I almost saw a plane crash. Sadly, I don’t mean to say that there was almost a plane crash. There really was a plane crash. I almost saw it happen. I did see its aftermath from a distance.
On November 9, 2015, my crew was on a ground turn in Colorado Springs, Colorado. Up until then, it was what I happily refer to as an “uneventful” day. The weather, for November, was mild. It was sunny, temperatures in the mid-50s and light winds out of the south.
I was in the cockpit doing my normal preflight activities: getting the ATIS, reviewing the flight plan, and programming the flight management computer. The fueler was fueling. The ramp personnel were unloading carry-on bags. The gate agent was helping an inbound passenger with a wheelchair. My flight attendant was tidying her cabin and preparing the galley for the short hop back to Denver. It was about as close to a textbook “turn” as I can remember.
My first officer had been doing his post-flight walk-around, and when I came out of the cockpit I saw him coming in at the jetway door. I could tell immediately that there was something wrong. He is a steady and sure-footed guy, but I could see that he was visibly shaken by something. His face wore a look of confusion. He said, quietly, “I think I just saw a plane crash.”
I followed him out onto the platform of the jetway and looked northwest in the direction he had indicated. There were, indeed, flames on the ground in the distance and an already-tall plume of dark black smoke rising above the site. I shivered at the thought but was unsure of what I was seeing. Frequently, airport fire departments practice their trade with “mock” fires. These result in similar plumes of black smoke. It happens quite often, and I have seen almost identical plumes at O’Hare when crews are training. I was fairly sure that’s what we were seeing. The difference here, of course, was the FO’s statement. He had seen something more definitive than a plume of smoke. He had seen a small airplane climb steeply and then descend behind a row of trees on the north edge of the field.
Like me, he had made optimistic assumptions about what he had seen and what it meant. A funny thing about the human brain is its ability to make sense out of things that don’t make sense. We all have, within our eyes, a spot where the retina meets our optic nerve. This patch of retina, called the scotoma, is effectively sightless, a big black spot in our field of vision. Yet we do not see a black spot; the brain fills in the blank with interpolated data to make the eye’s view of the world make sense. Our brain has the ability, throughout our lives, to fill in the blanks. It weighs, measures and processes the information it receives, so that what we think we see or hear or smell or taste conforms to its own rigid framework of previous experience.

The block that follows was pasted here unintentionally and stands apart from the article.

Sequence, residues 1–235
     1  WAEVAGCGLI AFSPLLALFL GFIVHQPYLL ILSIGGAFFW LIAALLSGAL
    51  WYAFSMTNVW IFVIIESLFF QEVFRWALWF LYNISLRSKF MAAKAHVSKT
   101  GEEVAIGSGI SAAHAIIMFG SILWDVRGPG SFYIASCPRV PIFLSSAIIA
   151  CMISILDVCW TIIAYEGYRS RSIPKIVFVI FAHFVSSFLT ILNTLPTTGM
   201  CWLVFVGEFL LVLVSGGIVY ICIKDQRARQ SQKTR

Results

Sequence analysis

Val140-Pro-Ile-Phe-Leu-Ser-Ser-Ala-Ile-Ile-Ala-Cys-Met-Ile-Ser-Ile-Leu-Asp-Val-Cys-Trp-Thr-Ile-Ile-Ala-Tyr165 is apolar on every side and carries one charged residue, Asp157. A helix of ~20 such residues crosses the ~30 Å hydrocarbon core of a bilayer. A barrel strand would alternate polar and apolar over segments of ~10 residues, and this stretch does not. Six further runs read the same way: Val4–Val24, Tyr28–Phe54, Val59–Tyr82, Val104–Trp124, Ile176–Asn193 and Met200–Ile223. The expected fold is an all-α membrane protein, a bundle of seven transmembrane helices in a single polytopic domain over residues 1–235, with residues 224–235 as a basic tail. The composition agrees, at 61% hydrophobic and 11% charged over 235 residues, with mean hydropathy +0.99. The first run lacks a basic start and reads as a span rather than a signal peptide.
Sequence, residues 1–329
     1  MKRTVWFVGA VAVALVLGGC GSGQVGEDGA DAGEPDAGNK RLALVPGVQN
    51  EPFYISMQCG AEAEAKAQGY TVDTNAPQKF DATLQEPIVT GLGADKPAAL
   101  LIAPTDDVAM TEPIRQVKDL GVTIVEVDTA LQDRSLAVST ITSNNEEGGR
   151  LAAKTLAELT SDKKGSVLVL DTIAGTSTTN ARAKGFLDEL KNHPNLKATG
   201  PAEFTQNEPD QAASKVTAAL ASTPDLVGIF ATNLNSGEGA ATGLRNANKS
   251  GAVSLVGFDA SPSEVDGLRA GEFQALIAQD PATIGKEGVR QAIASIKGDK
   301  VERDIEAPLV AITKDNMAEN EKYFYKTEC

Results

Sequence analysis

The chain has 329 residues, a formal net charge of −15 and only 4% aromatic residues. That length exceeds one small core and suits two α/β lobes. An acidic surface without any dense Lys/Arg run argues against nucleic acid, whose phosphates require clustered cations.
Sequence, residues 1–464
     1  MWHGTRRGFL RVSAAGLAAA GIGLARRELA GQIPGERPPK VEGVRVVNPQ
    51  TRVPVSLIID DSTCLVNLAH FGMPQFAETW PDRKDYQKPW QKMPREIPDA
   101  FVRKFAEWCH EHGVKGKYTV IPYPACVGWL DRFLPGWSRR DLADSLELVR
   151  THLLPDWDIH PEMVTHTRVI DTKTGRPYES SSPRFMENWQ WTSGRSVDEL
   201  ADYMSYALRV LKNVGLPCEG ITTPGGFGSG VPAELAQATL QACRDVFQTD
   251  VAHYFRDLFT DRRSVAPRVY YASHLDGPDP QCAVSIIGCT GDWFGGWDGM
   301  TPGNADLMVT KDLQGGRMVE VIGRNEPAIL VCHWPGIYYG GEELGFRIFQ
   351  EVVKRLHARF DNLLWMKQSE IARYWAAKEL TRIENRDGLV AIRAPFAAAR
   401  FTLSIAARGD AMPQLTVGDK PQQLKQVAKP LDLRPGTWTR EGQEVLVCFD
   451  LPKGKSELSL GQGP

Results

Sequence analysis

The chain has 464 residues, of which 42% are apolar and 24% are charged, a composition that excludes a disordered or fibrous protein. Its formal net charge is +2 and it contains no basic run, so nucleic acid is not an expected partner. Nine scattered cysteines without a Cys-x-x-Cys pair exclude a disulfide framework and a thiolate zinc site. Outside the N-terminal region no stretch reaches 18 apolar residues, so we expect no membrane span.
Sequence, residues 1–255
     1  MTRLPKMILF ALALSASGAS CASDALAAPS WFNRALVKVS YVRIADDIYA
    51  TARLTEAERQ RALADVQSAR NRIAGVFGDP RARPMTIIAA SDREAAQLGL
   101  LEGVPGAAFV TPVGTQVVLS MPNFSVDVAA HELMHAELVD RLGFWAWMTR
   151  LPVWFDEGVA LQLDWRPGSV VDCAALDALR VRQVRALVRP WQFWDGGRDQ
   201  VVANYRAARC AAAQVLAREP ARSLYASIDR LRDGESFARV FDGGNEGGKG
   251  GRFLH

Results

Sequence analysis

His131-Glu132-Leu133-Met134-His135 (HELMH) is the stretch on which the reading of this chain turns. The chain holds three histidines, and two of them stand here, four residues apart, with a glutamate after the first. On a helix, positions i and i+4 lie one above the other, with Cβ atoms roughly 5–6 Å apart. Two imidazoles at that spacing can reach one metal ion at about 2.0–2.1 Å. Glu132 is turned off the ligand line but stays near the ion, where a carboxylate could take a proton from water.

Before my FO saw the smoke and flames, he had been sure that he was witnessing the normal activity of a crop duster climbing and descending in a turn. The problem is, of course, that not much crop dusting gets done in Colorado in November, and certainly not in the suburbs of a city. Rejecting this theory, his mind quickly rationalized again, like mine had. For a moment, he told me later, he thought that an optical illusion might have misled him about the size of the airplane. He thought that it might have been a model airplane. Only when the flames and smoke appeared in the distance did he become convinced that he had seen what he had seen.
We reported the event to the tower, and they took his name and personal information. They verified that a plane had crashed and that they had dispatched fire rescue trucks to the scene. There was little more we could do. It was a rather helpless feeling. As we watched the events unfold, my FO “talked through it,” as much to organize his own thoughts as to inform me. It appeared to him, he said, that the airplane had taken off from a nearby airport (the plane had actually departed from KCOS, where we were). The plane, he said, had climbed steeply and then, turning sharply, had fallen nearly straight down until it disappeared below the tree line.